Academic journal article Journal of Film and Video

The Picaro in Paris: The Discreet Charm of the Bourgeoisie and the Picaresque Tradition

Academic journal article Journal of Film and Video

The Picaro in Paris: The Discreet Charm of the Bourgeoisie and the Picaresque Tradition

Article excerpt

Digression is my way of telling a story, a little like the Spanish picaresque novel.

-Bunuel, Mi ultimo suspiro1

The Discreet Charm of the Bourgeoisie (1972) is the middle film in a trilogy that starts with The Milky Way (1969) and ends with The Phantom of Liberty (1974). Both the first and third films fall clearly within the picaresque tradition. Milky Way involves the improbable adventures of a pair of pilgrims traveling on the road to Santiago, while Phantom's meandering plot line follows the casual encounters of a host of characters.

The picaresque elements in Discreet Charm are not as immediately striking as those in Milky Way and Phantom, and apart from the country-road leitmotif, these elements have been almost entirely overlooked in the criticism. Yet, as an essential part of the film's image of life as a "confused labyrinth" (Maravall, La Cultura del Barroco 317), picaresque elements provide the film with a tone and a structure of meaning that do much to explain its peculiar appeal. This article examines Discreet Charm in relation to the conventions of the picaresque genre and the baroque mentality it embodies. I will emphasize the role of Rafael, the picaresque protagonist, arguing that he is a tongue-incheek self portrait of Bunuel-a rogue from a Hispanic country who is the primary dreamer of the film.

Traditional Picaresque

In the classic picaresque novel-Lazarillo de Tormes (1554, anonymous), Gunman de Alfarache (1599, Mateo Aleman), and El buscon (The Swindler, 1626, Francisco de Quevedo-the protagonist (usually a he) often does not know where he will get his next meal. Yet, despite his extreme poverty, he has social pretensions. Aware that hard work will do nothing to advance his cause, he relies on disguise and trickery to improve his station. He keeps on moving to stay ahead of the law, which brings him to a variety of settings and in contact with social types who often tell him their stories. The picaresque novel, then, takes the form of a pseudo-autobiography, loosely structured to accommodate any number of episodes in the life of a small-time con man in search of his big chance. This search is repeatedly frustrated and, inevitably, even though the picaro's misadventures are amusing, the view of society he presents is bleak.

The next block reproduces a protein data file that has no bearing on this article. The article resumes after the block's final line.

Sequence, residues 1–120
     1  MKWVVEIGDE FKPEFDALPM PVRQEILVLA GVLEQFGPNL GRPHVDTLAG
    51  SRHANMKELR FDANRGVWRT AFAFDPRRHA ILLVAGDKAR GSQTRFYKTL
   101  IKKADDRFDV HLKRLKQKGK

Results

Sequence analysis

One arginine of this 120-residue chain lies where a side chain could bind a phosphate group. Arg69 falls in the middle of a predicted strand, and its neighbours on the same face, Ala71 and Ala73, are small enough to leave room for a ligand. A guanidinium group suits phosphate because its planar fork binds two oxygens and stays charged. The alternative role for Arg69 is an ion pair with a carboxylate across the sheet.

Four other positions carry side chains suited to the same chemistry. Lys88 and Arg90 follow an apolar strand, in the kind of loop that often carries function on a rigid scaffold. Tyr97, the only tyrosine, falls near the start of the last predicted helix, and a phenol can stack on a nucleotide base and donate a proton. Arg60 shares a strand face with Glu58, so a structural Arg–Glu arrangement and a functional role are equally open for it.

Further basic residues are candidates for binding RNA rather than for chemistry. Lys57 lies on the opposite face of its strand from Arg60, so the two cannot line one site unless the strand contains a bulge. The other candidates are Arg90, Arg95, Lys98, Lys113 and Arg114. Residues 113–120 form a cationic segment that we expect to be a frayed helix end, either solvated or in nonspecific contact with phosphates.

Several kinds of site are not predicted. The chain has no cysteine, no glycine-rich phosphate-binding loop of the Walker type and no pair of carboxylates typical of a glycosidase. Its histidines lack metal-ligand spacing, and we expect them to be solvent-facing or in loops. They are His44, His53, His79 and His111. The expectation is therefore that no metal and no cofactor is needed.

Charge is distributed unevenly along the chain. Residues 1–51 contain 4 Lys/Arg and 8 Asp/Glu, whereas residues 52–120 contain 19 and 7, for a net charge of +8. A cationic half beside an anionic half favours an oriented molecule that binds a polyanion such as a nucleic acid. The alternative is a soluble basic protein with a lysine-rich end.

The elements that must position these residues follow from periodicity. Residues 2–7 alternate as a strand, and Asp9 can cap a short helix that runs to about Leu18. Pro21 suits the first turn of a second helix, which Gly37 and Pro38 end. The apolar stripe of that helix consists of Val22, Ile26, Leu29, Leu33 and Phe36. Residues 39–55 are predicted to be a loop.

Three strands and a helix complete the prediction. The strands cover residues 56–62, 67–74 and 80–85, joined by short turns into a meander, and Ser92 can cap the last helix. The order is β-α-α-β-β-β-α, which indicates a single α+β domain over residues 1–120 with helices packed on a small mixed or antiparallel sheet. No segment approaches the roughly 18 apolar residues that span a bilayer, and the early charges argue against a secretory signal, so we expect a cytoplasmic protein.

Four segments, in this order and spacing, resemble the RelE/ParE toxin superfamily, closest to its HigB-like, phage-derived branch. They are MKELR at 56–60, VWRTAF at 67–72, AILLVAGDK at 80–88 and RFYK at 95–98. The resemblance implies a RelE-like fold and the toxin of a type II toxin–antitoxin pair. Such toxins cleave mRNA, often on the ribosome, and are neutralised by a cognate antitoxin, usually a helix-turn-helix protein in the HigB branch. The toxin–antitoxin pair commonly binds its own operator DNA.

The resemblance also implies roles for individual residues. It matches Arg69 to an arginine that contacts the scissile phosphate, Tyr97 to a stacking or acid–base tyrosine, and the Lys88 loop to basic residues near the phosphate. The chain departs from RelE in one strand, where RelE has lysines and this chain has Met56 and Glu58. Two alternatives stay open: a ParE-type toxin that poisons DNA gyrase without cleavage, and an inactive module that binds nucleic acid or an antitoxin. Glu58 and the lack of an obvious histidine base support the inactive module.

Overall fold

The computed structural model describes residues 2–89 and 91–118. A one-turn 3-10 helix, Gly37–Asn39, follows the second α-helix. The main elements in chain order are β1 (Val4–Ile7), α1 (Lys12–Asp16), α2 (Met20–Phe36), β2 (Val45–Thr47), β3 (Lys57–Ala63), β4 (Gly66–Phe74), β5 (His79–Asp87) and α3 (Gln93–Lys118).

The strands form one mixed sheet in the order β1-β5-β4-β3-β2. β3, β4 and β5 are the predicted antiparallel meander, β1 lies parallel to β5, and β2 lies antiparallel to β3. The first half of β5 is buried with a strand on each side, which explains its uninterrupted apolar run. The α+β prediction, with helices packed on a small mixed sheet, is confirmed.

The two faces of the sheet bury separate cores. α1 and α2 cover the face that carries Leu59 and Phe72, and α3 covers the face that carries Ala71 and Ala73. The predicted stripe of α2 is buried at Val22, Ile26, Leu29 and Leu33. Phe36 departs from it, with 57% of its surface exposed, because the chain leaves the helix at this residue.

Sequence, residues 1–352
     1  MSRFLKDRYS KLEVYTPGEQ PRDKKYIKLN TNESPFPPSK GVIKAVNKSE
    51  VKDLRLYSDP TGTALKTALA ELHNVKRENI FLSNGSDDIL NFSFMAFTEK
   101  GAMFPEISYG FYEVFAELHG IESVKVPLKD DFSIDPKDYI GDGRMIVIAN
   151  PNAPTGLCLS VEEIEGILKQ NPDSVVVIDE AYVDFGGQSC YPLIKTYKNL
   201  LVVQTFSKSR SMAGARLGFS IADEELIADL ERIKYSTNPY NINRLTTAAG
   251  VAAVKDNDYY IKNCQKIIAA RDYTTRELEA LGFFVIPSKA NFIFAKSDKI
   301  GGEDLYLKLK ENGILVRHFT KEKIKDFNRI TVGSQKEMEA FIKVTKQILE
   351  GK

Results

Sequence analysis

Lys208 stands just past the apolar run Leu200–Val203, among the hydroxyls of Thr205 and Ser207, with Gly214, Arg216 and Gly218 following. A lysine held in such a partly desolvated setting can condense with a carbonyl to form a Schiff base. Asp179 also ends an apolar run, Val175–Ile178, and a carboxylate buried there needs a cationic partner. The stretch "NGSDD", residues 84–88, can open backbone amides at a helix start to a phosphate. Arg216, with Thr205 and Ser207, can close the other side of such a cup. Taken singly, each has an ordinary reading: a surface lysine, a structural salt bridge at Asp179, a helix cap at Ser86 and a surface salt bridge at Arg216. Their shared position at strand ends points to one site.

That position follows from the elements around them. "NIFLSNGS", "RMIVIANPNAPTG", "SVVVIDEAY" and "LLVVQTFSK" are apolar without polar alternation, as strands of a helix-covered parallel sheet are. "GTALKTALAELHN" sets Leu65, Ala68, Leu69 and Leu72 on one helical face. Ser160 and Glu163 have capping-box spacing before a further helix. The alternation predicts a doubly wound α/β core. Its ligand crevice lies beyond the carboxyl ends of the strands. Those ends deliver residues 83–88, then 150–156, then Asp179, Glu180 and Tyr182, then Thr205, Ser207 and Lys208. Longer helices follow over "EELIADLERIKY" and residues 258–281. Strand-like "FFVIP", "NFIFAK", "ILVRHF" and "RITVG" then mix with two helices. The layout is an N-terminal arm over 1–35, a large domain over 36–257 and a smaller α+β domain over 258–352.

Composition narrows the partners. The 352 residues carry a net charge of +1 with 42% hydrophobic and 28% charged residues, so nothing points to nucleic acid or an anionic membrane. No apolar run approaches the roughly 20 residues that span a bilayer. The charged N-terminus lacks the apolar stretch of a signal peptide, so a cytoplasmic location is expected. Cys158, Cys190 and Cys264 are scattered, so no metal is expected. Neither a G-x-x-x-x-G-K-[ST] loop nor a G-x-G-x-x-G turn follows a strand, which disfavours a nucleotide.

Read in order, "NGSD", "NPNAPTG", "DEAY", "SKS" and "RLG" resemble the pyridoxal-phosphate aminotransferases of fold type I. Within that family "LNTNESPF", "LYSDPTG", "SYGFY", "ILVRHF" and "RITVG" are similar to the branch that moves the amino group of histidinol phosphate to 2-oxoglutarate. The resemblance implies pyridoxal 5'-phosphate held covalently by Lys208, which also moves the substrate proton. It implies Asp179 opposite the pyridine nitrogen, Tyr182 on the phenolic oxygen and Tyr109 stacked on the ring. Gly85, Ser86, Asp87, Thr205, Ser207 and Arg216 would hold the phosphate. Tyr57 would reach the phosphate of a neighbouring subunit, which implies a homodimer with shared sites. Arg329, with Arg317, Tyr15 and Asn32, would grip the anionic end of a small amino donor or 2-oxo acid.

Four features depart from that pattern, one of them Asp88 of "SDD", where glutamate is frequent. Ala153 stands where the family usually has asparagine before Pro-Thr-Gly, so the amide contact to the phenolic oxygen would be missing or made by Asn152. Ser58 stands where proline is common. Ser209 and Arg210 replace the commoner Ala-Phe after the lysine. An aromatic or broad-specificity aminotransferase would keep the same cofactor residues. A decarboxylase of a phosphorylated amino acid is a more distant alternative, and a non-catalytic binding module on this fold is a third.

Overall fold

The inception of the picaresque in the sixteenth century is usually explained by the "consciousness of crisis" (Maravell, La picaresca desde 11) brought about by the social, cultural, and psychological changes associated with early modernity: the emergence of the individual, the loss of a sense of community, and the recognition of social injustice as manmade rather than God-given. In Spain this situation was exacerbated by the absence of a strong middle class, a scorn for work, an exaggerated respect for honor fostered by the centuries-long Reconquest of the peninsula from the Arabs, and, finally, by the "clean-blood" statutes, which stigmatized all known descendants of Arabs and Jews even if they had converted to Christianity. For these reasons, Claudio Guillen links the emergence and resurgences of the picaresque with "days of irony and discouragement [that] disclose an awareness of civilization as oppression" (105).

The Picaresque Chez Bunuel

Discreet Charm is usually considered surrealist, but the marriage of the picaresque and the surreal here is not as ill sorted as it seems. Although surrealism ignores the material fact so essential to the picaresque, both share concerns critical to this film: an anxiety about freedom, an awareness of the oppressive nature of social institutions, and an insistence on the central role of chance. It could be argued that in writing Le Payson de Paris, Aragon was simply adapting the picaro's adventures to the more restricted itinerary of the flaneur.

Clearly, Discreet Charm is not "straight" picaresque. The plot turns on the efforts of a group of well-heeled friends to get together for dinner over a period of about two weeks. …

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